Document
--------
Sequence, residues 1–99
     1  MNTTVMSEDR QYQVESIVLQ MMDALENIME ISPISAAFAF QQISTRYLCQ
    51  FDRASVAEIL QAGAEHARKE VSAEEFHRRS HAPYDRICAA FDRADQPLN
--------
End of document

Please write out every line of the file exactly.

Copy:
Sequence, residues 1–99
     1  MNTTVMSEDR QYQVESIVLQ MMDALENIME ISPISAAFAF QQISTRYLCQ
    51  FDRASVAEIL QAGAEHARKE VSAEEFHRRS HAPYDRICAA FDRADQPLN